There’s a whole new segment of homebuyers in the housing market these days. They’re called boomerang buyers, and what makes them unique is that they’ve been down this road before. These folks lost their homes due to foreclosure or short sale, and are now ready to re-enter the market and become homeowners again.
This group was the result of two significant events: the housing crisis, during which seven million people lost their homes; and for most of these homebuyers, the requirement to have four years of reestablished credit before buying another home.
Nevada is home to many boomerang buyers, as our great state was one of the hardest hit during the Great Recession. Thankfully, we’re rebounding quite nicely, thank you very much, and we’re attracting first-time buyers and boomerangers alike to the housing market. (Welcome!)
The Mind-Blowing Numbers
The stats paint quite an interesting picture. Nationally, RealtyTrac predicts that nearly 3.5 million people with foreclosures in their past could return to the homebuying market by 2022. In the Las Vegas-Paradise market, RealtyTrac predicts a whopping 220,660 potential boomerang buyers. This market is predicted to have the country’s highest number of potential boomerang buyers as a percentage of total housing units.
And while the potential is great, not everyone who has been through foreclosure or short sale is ready to tackle homeownership again. Corelogic reported that less than half the people who have been through a foreclosure since 2000 have returned to homeownership.
Since we’re big on homeownership around these parts, we want to help Nevadans prepare well for re-entry into the housing market.
Tips To Propel You Forward
If you’re approaching (or have hit) the four-year mark of the foreclosure or short sale of your home, and are interested in becoming a homeowner once again, now’s the time to make sure you’re buttoned up from a financial standpoint. Here are a few handy tips and tidbits.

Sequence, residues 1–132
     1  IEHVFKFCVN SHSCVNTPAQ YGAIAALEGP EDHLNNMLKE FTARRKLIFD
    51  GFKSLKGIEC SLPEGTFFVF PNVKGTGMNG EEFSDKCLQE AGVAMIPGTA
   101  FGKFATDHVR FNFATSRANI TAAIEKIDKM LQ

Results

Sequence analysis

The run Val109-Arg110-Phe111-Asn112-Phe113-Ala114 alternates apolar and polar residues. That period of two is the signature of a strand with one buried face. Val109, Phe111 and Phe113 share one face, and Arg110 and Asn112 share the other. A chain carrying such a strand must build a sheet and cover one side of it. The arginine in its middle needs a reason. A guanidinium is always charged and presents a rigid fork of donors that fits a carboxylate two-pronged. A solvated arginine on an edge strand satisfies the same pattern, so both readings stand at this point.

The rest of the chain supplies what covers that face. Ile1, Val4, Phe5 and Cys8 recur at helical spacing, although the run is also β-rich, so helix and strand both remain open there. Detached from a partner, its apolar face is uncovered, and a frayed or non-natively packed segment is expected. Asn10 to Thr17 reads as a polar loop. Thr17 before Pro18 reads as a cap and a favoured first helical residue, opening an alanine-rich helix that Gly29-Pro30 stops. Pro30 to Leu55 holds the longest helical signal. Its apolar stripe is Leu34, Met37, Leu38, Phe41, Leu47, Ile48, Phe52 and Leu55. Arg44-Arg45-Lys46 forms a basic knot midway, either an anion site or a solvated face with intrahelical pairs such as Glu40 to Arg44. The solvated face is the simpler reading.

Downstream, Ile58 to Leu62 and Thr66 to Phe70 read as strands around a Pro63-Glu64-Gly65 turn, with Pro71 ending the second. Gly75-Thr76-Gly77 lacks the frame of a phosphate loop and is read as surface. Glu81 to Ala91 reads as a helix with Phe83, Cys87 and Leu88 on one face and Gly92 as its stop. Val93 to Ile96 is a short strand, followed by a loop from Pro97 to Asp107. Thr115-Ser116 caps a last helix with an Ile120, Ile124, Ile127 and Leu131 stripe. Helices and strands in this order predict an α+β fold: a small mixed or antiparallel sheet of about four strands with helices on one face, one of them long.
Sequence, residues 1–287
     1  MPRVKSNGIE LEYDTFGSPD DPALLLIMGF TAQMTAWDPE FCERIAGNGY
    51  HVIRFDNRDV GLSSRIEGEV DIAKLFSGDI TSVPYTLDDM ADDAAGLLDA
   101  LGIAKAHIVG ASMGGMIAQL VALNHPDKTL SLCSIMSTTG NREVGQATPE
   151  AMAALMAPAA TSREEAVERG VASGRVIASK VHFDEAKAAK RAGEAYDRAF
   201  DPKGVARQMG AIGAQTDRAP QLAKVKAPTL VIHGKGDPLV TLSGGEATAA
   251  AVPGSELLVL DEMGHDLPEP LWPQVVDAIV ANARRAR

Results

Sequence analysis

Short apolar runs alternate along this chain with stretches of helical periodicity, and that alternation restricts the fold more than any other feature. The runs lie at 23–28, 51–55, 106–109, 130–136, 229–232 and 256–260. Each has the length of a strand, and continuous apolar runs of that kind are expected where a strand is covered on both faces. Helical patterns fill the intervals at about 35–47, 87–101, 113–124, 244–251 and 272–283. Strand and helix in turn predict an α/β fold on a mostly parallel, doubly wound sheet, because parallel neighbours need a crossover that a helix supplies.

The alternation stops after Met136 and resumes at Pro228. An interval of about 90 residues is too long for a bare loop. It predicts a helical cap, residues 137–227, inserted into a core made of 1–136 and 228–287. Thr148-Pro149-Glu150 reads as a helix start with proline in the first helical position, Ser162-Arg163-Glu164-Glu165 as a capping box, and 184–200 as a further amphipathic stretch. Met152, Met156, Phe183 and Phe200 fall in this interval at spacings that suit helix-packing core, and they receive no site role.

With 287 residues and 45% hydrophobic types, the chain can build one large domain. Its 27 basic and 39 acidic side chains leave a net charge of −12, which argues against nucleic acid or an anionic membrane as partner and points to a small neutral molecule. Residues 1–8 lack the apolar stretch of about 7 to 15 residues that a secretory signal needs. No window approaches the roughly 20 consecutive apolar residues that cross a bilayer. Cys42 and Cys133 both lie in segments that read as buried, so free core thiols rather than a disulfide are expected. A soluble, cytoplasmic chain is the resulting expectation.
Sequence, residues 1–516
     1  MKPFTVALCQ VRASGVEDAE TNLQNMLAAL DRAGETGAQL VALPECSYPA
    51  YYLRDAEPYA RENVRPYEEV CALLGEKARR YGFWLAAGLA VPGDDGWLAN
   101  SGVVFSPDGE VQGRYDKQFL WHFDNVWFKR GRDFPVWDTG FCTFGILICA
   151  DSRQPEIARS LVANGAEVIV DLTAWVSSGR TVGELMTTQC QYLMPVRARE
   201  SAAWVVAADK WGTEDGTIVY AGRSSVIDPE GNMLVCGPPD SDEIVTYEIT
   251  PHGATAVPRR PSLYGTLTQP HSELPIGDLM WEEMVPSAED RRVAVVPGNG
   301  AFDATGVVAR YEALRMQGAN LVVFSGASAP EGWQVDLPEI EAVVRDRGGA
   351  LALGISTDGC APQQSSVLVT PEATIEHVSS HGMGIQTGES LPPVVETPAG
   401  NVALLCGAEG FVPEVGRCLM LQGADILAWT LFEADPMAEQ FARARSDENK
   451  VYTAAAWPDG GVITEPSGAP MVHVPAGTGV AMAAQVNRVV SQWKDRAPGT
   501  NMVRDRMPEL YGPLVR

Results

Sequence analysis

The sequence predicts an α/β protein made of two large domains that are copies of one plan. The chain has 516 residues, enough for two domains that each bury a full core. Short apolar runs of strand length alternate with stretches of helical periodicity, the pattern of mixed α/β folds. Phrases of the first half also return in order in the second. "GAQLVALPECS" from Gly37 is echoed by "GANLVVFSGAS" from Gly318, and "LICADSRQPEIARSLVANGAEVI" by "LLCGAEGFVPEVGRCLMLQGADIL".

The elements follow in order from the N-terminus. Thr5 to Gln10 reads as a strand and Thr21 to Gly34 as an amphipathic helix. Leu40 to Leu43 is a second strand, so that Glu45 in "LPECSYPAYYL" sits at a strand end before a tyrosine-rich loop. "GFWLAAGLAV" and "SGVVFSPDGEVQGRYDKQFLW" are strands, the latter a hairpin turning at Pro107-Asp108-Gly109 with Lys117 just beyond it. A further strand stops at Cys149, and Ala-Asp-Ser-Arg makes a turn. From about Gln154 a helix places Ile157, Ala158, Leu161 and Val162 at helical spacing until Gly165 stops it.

1. Check and repair your credit.
Lenders need to see a history of bills being successfully paid on time. This is especially important for the boomerang buyer, as once the foreclosure or short sale drops off the credit report, everything else on your report carries more weight.
Read our blog on Your Credit Score, Demystified
2. Start working with the pros, ASAP.
Lenders and real estate pros are just that—professionals. They know the real estate biz like the backs of their hands. So who better to help you navigate any obstacles that may slow down the homebuying process? The earlier you start working with them, the more time you’ll have to get your ducks in a row.
Read our blog on 5 Dating Steps To Achieve Happily Ever After Homeownership
3. When it’s time, get pre-approved.
Many real estate agents won’t begin showing homes until a potential homebuyer is pre-approved. Having that stamp of approval lets them know you’ve done the legwork and you’re serious about homeownership. Your lender can help you determine when you’re ready to apply.
4. Down payments need to be bigger.
Remember the days of zero or very low down payments? Those days are over, a lesson learned by lenders after the housing crisis. Be prepared to put down at least 3.5% for an FHA (Federal Housing Authority) loan. If you want to avoid paying mortgage interest, 20% down is still required.
Good news: the Home Is Possible (HIP) program gives qualified homebuyers bonus money up to 5% of the loan value (non-repayable!), to be used for a down payment or closing costs.
5. Your foreclosure may not totally disappear.
If your previous mortgage was backed by the FHA, a record of it won’t be totally gone and forgotten. CAIVRS, a database of government-guaranteed loans, keeps permanent records of FHA foreclosures and short sales. That means that the FHA won’t consider a new loan application until the previous claim has been paid. Only authorized lenders can access CAIVRS to find out if you’re on the list. Conveniently, we have several HIP-qualified lenders poised to help homebuyers just like you.
So to recap, a large number of new boomerang buyers are going to be diving back into the real estate market and, as long as they’ve done their homework, they’ll be welcome